Albert Einstein: "America's worst disease"
University Of Phoenix
US History 1865 to 1945
April 19, 2008
Mention Albert Einstein and the first things that come to mind are genius, mathematician, and physicist. Some would think of the Special Theory of Relativity and the well-known equation E=mc2 (energy = mass times the speed of light squared). His 1905 paper on how light moved through space was so revolutionary that it was two decades before his particle theory of light was accepted. People have written about his flirtatious nature and his marriages, most notably his second marriage to his cousin. Others say he had a speech problem, he failed his University entrance exam, and that he had an illegitimate child. Reference to all these things are easy to find, but perhaps one of his most important legacies is not in any history books or taught in school. Einstein was a staunch fighter and activist against racism in the United States and around the world.
The Silenced Humanitarian
Albert Einstein was a self-proclaimed pacifist although he advocated the use of military action against Hitler (Golden, 2000, p. 3). He was a passionate Zionist but believed strongly in Palestinians rights, revealed in his 1929 letter to his friend Chaim Weizmann saying “Should we be unable to find a way to honest cooperation and honest pacts with the Arabs, then we have learned absolutely nothing during our two thousand years of suffering and deserve all that will come to us." (American Public Media, 2008) Albert Einstein reinforced that belief in the letter that sent to the New York Times in 1948, protesting the visit of Menachem Begin.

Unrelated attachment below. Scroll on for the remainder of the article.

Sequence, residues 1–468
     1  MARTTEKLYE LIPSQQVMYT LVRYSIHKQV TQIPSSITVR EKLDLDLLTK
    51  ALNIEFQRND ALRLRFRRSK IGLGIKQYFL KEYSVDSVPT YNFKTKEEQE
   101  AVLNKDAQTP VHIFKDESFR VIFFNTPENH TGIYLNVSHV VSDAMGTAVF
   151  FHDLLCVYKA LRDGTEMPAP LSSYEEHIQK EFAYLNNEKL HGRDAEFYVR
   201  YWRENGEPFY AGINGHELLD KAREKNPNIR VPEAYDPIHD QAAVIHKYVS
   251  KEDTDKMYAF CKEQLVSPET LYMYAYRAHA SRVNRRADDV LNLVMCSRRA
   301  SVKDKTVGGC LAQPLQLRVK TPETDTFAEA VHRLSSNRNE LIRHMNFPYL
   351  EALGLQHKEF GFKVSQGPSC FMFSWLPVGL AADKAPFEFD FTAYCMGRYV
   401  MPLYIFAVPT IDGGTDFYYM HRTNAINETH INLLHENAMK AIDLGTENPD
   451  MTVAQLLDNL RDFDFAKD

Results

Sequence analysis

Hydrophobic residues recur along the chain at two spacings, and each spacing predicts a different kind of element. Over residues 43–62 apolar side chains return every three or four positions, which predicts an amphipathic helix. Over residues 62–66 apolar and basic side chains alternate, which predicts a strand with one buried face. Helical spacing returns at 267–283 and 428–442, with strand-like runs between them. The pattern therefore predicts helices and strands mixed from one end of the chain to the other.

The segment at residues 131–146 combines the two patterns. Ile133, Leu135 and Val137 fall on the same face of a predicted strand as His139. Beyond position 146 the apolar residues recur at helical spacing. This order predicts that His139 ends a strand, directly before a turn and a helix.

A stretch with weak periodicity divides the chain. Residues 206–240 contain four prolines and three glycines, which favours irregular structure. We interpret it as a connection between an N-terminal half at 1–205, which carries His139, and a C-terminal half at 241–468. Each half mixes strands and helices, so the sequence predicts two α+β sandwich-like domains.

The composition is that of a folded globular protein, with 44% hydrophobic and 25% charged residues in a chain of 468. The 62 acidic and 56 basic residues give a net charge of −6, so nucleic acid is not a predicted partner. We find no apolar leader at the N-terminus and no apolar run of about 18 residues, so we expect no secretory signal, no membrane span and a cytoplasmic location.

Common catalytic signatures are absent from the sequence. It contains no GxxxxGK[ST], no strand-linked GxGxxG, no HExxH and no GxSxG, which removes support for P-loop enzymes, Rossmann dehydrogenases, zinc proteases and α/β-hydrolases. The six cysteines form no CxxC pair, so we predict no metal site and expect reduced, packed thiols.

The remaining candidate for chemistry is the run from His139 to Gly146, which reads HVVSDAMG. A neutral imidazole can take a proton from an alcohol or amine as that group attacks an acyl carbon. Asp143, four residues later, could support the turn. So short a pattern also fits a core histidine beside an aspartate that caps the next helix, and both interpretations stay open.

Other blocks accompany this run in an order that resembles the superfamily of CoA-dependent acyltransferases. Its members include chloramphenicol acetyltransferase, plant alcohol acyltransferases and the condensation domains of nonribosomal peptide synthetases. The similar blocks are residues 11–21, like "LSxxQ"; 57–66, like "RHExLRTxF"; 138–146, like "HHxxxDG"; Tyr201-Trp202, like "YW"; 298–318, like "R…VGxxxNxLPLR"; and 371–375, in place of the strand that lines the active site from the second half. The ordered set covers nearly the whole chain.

Little has been written about Albert’s humanitarian nature, conceivably because his accomplishments in science overshadowed his views and opinions on the state of the world. A greater possibility why history has left out much of his work and writings against racism and the injustices in the world, was because he expressed views that were contrary to popular opinion, making him a target of many people in government. The Federal Bureau of Investigation (FBI) under the direction of Herbert Hoover went so far as to maintain a top-secret campaign against him. Herbert Hoover was encouraged to keep Einstein out of the United States by the Woman Patriot Corporation, who wrote a 16-page letter to the State Department pleading them to deny Einstein a Visa because “‘Not even Stalin himself’ was affiliated with so many anarchic-communist groups.”(Whitehouse, 2002) The letter became the first page in file kept by the FBI on Einstein's activities from the time he entered the United States, until his death in 1955. Hoover was sufficiently worried about Einstein's liberal views and his outspoken views on politics, that the FBI went as far as searching his trash, tapping his phone, opened his mail and even bugged his secretary's nephew's house. All in an attempt to link Einstein to a Soviet spy ring.
Einstein and Racism in the United States
In December 1932, Albert and his wife traveled to the United States during which time the Nazis in Germany ransacked and confiscated his home and cottage and froze his bank accounts. He would not return to Germany, saying “As long as I have any choice in the matter, I shall live only in a country where civil liberty, tolerance, and equality of all citizens before the law prevail… These conditions do not exist in Germany at the present time.” (Jerome & Taylor, 2005) Albert accepted a position at the Institute for Advanced Study in Princeton, NJ. He was happy he found refuge from Germany but was disturbed by the ethical shortcomings of his new country. What he saw in his adopted country was very different from what he had hoped to find after deciding to stay in the United States. Rodger Taylor, one of the authors of “Einstein on Race and Racism” (Rutgers University Press, 2006) of Einstein said,